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The Certified Scrum Master (CSM) course introduces the concepts of agile project leadership and how to apply Scrum practices in software development teams, using the Scrum framework. Successful participants will become Certified ScrumMasters (R), a first step in the journey toward skilled leadership of projects, using Scrum.
The course format is hands-on exercises and discussions with some lectures to define terms and concepts. Ample time is given to share the instructor's real-world experiences on a wide range of projects. This course explains the Scrum basics such as managing the product backlog, planning the sprint, tracking and reporting progress through the use of burndown charts, and reviewing the sprint. Following the successful completion of the course, each participant will be eligible to sit for a test administered by the Scrum Alliance. You must pass the test to become designated as a Certified ScrumMaster (CSM). The class includes a one-year membership in the Scrum Alliance, where exclusive ScrumMaster-only materials and information are available.
Taking a Certified ScrumMaster® course and passing the Scrum Alliance CSM test designates you
as a Certified ScrumMaster. This designates that you have been introduced to the basic concepts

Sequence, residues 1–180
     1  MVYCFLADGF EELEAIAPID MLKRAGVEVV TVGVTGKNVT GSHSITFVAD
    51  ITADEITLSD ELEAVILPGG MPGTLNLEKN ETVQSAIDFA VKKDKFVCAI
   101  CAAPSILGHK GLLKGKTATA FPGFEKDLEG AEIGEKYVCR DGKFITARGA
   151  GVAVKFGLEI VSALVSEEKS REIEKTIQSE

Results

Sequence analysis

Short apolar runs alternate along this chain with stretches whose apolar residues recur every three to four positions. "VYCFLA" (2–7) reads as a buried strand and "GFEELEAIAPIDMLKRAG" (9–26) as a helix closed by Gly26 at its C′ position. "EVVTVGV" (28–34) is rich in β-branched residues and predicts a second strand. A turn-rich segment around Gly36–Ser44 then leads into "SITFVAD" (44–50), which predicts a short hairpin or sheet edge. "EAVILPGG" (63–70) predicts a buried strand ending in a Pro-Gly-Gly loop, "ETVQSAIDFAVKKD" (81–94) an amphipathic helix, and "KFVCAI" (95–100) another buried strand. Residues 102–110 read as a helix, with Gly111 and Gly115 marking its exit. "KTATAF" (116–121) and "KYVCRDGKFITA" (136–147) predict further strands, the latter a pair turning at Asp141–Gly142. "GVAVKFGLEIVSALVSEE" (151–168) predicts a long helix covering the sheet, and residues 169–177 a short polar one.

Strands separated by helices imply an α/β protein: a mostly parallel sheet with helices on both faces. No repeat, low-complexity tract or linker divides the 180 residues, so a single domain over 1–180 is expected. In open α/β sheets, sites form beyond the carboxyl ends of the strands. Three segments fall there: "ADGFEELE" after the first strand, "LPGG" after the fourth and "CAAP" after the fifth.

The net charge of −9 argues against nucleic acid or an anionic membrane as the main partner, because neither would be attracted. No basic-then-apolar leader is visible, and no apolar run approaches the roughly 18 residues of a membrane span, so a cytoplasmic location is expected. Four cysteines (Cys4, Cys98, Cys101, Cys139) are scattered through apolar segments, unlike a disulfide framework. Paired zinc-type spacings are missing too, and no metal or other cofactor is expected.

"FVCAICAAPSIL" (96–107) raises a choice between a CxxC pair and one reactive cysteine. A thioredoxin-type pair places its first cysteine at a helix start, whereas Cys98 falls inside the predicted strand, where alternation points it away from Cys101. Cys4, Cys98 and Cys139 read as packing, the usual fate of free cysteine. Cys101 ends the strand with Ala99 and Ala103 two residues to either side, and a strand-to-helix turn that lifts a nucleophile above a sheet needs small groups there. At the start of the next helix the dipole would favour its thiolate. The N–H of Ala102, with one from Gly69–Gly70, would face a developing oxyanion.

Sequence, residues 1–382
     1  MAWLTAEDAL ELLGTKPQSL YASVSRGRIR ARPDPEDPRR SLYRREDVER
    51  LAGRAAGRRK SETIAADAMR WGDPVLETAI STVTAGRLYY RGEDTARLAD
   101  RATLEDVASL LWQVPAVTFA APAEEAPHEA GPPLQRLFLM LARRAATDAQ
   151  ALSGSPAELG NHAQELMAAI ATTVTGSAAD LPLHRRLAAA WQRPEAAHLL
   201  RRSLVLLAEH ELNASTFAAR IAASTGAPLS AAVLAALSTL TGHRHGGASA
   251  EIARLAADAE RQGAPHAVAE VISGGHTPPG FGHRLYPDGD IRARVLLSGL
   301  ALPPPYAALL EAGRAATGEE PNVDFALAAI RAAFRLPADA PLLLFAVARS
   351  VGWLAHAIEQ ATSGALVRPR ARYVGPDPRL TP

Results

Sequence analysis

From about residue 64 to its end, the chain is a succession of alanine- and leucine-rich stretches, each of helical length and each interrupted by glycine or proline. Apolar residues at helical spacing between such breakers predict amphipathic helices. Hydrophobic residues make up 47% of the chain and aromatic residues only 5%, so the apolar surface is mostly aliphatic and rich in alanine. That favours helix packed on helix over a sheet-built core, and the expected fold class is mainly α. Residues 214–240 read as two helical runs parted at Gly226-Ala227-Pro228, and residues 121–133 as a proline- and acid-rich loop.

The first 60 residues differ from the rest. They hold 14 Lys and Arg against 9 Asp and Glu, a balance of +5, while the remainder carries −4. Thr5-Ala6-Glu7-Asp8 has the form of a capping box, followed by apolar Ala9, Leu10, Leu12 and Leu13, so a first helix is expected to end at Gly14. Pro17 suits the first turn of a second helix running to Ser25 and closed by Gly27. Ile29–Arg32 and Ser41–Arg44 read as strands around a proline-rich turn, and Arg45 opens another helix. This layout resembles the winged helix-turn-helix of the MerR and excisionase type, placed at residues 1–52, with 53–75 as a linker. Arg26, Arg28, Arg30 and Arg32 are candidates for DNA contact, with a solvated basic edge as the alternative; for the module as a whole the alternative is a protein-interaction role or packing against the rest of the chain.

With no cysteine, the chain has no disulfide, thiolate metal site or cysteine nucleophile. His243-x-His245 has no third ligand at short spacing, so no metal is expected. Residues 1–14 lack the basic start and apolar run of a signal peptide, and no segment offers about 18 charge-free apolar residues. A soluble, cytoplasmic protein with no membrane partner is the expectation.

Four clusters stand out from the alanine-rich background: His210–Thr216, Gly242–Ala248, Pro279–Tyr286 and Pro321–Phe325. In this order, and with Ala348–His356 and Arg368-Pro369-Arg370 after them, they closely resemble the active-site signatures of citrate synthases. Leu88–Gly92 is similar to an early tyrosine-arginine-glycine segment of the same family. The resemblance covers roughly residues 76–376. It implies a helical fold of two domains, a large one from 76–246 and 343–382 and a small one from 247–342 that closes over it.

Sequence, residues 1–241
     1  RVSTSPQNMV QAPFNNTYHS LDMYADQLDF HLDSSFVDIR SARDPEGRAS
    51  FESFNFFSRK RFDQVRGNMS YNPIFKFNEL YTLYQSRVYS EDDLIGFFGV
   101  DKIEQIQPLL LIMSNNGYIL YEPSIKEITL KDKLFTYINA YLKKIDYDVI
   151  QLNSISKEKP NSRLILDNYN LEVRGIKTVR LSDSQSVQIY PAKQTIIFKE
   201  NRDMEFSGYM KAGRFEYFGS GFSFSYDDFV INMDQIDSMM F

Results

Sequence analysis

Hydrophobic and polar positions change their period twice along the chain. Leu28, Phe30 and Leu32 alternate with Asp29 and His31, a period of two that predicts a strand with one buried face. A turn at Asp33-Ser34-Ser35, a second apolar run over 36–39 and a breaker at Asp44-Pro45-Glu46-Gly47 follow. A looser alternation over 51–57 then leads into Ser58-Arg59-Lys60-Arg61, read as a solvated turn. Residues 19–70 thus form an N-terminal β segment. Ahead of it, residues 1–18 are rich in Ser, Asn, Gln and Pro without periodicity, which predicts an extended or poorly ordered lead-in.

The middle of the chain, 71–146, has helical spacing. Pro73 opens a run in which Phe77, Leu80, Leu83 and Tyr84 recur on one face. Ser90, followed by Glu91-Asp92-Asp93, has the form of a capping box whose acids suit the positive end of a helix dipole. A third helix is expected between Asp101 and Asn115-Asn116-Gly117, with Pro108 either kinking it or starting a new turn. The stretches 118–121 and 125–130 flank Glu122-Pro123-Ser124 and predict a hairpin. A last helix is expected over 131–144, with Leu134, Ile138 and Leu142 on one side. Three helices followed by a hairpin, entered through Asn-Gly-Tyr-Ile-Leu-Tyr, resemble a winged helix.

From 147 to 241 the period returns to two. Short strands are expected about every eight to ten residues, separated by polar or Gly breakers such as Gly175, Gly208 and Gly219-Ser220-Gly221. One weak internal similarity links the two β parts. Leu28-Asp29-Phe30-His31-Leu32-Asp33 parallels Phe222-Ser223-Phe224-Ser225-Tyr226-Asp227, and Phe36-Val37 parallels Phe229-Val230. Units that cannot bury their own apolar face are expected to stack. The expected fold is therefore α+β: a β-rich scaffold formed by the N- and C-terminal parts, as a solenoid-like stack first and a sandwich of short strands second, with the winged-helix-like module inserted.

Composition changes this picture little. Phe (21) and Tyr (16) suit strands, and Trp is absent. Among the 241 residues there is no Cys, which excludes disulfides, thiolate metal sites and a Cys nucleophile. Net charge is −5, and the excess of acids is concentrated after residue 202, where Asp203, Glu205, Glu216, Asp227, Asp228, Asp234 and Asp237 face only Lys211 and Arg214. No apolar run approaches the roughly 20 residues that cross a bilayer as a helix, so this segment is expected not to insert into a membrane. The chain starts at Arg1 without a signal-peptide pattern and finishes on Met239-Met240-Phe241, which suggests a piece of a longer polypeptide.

you need to perform as a ScrumMaster or team member on a Scrum Team. This course also
satisfies two elements of the Certified Scrum Developer track: Scrum Introduction and Elective
- Learn Scrum basics and Core Values
- Learn how the Scrum framework compares to other methods, such as waterfall
- Identify when to use Scrum
- Learn a Scrum team’s three roles and responsibilities
- Scrum meetings, including the Sprint Review, Sprint Retrospective, and Release Planning
- Sprint Backlog and Product Backlog
- Scrum artifacts, including the Product Backlog, Sprint Backlog, and Burndown Charts
- What is Agile?
- History of Scrum
- The Scrum Framework
- Scrum Values and Benefits
- Roles and Responsibilities on the Scrum Team
- Scrum Practices:
- Preparing the Product Backlog
- Backlog Grooming and Estimation Techniques
- The Sprint Planning Meeting
- Tracking the Sprint
- The Sprint Demo and Review
- Planning Beyond the Sprint
- Scaling Scrum
- Common Pitfalls to Avoid
- Getting Started with Scrum
- Team Members and Managers involved in projects who may assume the ScrumMaster role
- Typically, the ScrumMaster is a project manager, team lead, or development manager, but may also be a business analyst or any member of a Scrum team.
- In large organizations, it is recommended that Directors who oversee project teams or functional areas participate.
- Basic knowledge of Scrum is assumed
- Experience on a Scrum project is desirable